• The water is so far past being under the bridge, but isn’t it still a bit weird to see Curtis Granderson starting in the All-Star Game … as a Yankee?
  • Six years ago today in the Home Run Derby at Comerica Park, Bobby Abreu destroyed the records for a single round, the championship round and the grand total for all three rounds of the derby by hitting 41 homers into every part of yard. The Phillies outfielder went deep 24 times in the first round, tacks on six more in the second round and finishes with 11 more in the championship round.
  • Looking ahead to the pitching matchups for this weekend’s series against the White Sox:

Friday | 7:05 p.m. FSD/1270 & 97.1
Justin Verlander (12-4, 2.15 ERA) vs. Gavin Floyd (6-9, 4.59 ERA)

Saturday | 4:10 p.m. FOX/1270 & 97.1
Max Scherzer (10-4, 4.69 ERA) vs. Edwin Jackson (5-7, 4.30 ERA)

Sunday | 1:05 p.m. FSD/1270 & 97.1
Brad Penny (6-6, 4.50 ERA) vs. Jake Peavy (4-2, 4.83 ERA)

Finally, on this date in 1979 the White Sox were forced to forfeit the second game of twi-night doubleheader against the Tigers when more tha5,000 fans refuse to leave the field during Disco Demolition Night. I wrote about it on the 30th anniversary.

Saturday Snacks: Guillen’s Rehab, Verlander’s Toughness and Kiss My Grits

A busy week at the office often translates into a slow week of posting on the Fungo. Thanks to Nick for picking up the slack.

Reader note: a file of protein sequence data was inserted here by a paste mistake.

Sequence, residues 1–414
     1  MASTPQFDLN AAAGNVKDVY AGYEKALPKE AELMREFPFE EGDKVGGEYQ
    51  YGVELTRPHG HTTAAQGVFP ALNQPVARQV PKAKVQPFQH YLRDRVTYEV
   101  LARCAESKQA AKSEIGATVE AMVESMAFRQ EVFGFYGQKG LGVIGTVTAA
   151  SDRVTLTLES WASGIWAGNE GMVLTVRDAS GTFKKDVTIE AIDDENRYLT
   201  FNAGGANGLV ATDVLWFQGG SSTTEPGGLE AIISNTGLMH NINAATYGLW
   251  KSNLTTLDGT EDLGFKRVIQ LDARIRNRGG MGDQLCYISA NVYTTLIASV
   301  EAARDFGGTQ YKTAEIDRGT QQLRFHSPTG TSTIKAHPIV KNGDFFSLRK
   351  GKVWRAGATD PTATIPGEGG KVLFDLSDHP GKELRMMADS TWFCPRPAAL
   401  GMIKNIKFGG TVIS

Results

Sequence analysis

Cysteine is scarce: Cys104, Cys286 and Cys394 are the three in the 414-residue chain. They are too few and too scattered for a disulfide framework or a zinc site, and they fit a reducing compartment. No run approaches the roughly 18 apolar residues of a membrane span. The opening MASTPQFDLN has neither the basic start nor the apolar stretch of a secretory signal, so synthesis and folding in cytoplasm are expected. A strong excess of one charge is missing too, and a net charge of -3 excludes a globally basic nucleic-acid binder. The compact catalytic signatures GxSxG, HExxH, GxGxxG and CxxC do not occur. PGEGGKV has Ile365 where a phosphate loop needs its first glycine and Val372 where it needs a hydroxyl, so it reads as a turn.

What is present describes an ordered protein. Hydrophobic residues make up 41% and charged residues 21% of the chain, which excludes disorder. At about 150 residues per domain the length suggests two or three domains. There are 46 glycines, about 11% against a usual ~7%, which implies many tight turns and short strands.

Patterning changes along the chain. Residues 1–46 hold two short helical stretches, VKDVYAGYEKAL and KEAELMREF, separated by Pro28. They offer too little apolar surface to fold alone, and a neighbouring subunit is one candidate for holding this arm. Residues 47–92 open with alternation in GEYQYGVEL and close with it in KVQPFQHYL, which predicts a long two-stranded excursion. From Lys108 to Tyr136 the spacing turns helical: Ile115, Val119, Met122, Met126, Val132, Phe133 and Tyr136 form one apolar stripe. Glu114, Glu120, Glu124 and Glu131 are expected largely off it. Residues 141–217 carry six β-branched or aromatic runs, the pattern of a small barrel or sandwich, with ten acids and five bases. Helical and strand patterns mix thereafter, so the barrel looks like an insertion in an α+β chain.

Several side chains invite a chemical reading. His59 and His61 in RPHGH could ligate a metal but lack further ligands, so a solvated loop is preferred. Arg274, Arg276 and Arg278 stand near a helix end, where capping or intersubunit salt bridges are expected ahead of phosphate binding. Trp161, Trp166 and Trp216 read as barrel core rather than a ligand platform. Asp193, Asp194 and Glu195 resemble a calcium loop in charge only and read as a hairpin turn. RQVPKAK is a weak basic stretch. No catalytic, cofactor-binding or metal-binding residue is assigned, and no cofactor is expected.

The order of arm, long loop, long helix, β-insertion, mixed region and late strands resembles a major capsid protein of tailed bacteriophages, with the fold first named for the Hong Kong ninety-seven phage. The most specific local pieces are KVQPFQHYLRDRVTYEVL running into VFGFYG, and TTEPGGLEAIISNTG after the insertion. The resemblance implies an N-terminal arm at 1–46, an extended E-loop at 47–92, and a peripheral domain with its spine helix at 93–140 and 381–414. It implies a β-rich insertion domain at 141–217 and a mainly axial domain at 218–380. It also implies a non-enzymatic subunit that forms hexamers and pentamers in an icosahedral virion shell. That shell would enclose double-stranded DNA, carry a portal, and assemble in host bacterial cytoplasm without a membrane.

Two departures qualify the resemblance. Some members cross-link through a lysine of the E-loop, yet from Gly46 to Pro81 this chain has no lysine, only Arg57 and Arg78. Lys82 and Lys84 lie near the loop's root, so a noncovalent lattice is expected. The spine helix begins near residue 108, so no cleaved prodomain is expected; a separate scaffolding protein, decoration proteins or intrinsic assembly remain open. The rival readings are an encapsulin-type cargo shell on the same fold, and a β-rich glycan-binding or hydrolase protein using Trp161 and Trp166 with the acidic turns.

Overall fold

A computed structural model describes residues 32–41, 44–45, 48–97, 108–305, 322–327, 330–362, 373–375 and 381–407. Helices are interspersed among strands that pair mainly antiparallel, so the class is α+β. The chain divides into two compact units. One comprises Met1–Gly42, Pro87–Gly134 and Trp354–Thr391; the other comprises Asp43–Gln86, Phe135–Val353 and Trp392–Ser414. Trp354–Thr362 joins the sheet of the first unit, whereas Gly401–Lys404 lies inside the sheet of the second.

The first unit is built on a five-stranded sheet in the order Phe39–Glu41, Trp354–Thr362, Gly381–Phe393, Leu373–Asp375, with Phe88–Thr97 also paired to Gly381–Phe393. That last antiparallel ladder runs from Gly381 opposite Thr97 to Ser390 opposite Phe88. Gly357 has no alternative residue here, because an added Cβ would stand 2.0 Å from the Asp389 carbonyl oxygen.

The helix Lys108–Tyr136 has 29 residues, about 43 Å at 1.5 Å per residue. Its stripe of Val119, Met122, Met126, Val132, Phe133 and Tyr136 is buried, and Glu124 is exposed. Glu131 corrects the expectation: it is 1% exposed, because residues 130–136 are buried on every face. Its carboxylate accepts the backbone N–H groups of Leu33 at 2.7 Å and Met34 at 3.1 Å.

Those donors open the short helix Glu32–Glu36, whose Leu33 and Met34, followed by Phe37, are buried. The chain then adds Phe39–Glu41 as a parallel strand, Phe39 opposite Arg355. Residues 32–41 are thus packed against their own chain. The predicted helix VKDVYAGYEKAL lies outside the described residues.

Here are some random tidbits I’ve collected the past few days:

  • So Carlos Guillen is now a Mud Hen and will see more time at second base. If you’re Will Rhymes how are you feeling. He was selected to the International League’s mid-season all-star squad. I wonder why the Tigers don’t give him more of a chance given the woes at second

  • From Buster Olney on Friday:

    How Verlander beat the Mets:

    A. He was tough in tough spots. Verlander wasn’t as dominant as he’s been the rest of the month, but the Mets couldn’t muster much in the clutch. The Mets were 2-10 with four strikeouts with men on base, including 0-5 with runners in scoring position.

    B. He loved being outside. Of the 120 pitches Verlander threw, 73 were on the outside part of the plate or wider. That is the most outside pitches Verlander has thrown all season and his most since throwing 76 on June 16, 2010.

    Per ELIAS, Justin Verlander became only the fifth pitcher to go 6-0 or better with an ERA below 1.00 in a calendar month since 1984. His stellar 0.92 ERA is only fourth on this list. Randy Johnson, Hideo Nomo and Rick Reuschel had better ERAs than Verlander in their undefeated month.

  • As maddening as the Tigers’ offense can be at times, it’s astounding to see where they rank heading into play tonight: third in batting average (.268), fourth in slugging (.421), fifth in on-base percentage (.335) and sixth in runs (381). And, even thought they’ve played three more games, the Tigers have scored 33 more runs than the Indians.

  • Speaking of Buster, this morning he ranked “the-non-all-star All-Stars”, among the Victor Martinez:

    He spent some time on the disabled list early in the year, and immediately began killing the ball when he returned, and this year, he’s hitting .430 with runners on base, .332 overall.